Foot Pain and Other Problems Created by Diabetes

Diabetic Insole

Diabetes, a disease involving too much glucose (sugar) in the bloodstream, can unfortunately cause many serious complications with patients’ feet.  Studies show that about 30% of diabetics older than 40 eventually develop foot problems. The two main issues that diabetics experience are diabetic neuropathy and peripheral vascular disease.

Diabetic Neuropathy

Diabetic Neuropathy occurs from chronically uncontrolled diabetes, which causes nerve damage. Nerves are the wiring of our bodies and transmit information to and from the brain and the rest of the body. A result of nerve damage is loss of feeling, particularly in the legs and feet.  An additional concern is that, due to the loss of feeling, the patient might not feel it when they get a cut or sore on his/her foot. If left untreated, either is vulnerable to infection. Diabetic Neuropathy can also cause burning, tingling, and/or stabbing pain sensations in addition to the numbness, which can be debilitating.

Peripheral Vascular Disease

Peripheral vascular disease refers to a complication wherein blood flow to the extremities (arms, legs, and feet) is compromised and weakened. Not only is this a painful condition, it will also make the healing of cuts or sores especially difficult for the diabetic patient, and can lead to even more serious complications such as gangrene.

Gangrene occurs when tissues die due to loss of blood flow. If gangrene cannot be contained, amputation may be necessary to prevent it from spreading further across the body.

Common Foot Problems

People with diabetes should also be aware of more common foot problems, including athlete’s foot, nail fungal infections, calluses and corns, blisters, foot ulcers and ingrown toenails. While these conditions are typically treated with ease, diabetics do not heal as well as healthy people, so even relatively minor issues should be treated with extra care. Diabetics should pay extra attention to any foot issues while healing to ensure that they don’t spread or grow into bigger, more complicated issues like infections.

How to Care for Your Feet

Proper foot care can help minimize the risk of these types of problems. To ensure positive foot health, diabetic individuals should actively:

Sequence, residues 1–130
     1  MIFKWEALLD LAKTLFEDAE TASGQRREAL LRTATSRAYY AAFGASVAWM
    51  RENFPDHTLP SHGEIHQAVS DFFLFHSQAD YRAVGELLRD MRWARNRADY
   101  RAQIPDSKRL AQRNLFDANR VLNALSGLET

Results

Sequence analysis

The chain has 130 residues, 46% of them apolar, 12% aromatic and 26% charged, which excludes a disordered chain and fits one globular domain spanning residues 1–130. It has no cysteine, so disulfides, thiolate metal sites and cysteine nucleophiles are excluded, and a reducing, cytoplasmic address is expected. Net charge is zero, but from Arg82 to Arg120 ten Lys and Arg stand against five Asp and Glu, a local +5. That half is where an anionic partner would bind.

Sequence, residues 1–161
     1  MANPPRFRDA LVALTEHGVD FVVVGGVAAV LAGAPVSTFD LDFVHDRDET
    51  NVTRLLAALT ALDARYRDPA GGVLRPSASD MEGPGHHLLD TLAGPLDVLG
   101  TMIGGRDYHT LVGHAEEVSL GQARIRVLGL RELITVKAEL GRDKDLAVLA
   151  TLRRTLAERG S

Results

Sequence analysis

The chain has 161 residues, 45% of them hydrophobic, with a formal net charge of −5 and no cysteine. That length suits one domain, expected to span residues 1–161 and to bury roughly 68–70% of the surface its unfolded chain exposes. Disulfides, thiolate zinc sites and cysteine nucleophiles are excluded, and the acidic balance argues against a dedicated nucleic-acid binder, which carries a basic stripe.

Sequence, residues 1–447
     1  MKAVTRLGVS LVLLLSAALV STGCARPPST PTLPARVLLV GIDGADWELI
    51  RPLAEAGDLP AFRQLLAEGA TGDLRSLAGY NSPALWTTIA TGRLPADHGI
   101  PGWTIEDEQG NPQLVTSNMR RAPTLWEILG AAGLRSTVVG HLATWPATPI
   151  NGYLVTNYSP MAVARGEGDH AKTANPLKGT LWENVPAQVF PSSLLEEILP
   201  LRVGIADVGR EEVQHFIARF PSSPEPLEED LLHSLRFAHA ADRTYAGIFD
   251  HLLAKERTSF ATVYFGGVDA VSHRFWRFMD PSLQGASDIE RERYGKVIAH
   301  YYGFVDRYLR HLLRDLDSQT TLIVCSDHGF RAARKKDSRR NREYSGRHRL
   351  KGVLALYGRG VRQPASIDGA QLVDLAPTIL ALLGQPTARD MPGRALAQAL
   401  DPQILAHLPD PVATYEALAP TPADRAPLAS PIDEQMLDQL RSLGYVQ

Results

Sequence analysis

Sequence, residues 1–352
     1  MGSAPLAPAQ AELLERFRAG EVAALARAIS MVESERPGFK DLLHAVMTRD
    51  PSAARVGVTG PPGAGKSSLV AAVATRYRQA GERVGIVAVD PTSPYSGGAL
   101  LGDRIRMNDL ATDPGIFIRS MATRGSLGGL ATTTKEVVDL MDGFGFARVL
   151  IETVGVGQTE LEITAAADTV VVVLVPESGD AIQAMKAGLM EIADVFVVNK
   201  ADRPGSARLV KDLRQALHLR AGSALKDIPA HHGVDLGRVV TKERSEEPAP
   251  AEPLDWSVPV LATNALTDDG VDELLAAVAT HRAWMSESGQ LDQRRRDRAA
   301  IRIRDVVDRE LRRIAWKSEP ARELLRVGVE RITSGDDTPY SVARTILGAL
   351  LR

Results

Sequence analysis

• Examine feet daily for signs of cuts, sores, blisters, and any other sign of injury
  • Wash and dry feet each day — making sure they are completely dry before dressing
  • Rub lotion onto feet daily, except between toes
  • Get early treatment for any signs of a foot problem, no matter how minor it may appear
  • Have a doctor inspect feet at routine appointments
  • Protect feet with socks and shoes
  • Prop feet up when sitting, or wiggle toes and ankles several times daily to enhance blood flow

In addition to these tips, investing in shoes for diabetic or sensitive feet is another great way to keep feet healthy. If no existing foot conditions are present, look for a shoe made of soft materials with good shock absorption. It’s also important to pay attention to size to ensure the shoe isn’t too tight, which can cause chafing and blisters, or too large, which won’t provide good support and could lead to injury.

Diabetic insoles, which can be placed inside nearly any shoe, are designed to provide resilience, shock-absorption, and comfort. If you are looking for something that provides even more cushioning, specially designed shoes for diabetics are also available, which include specialized inserts or have additional room in them for the inclusion of insoles or orthotics. These shoes are created to help prevent foot injuries and improve mobility by relieving excessive pressure, accommodating deformities and limiting the motion of joints.

Take a look at the many products available for those affected by diabetes, at

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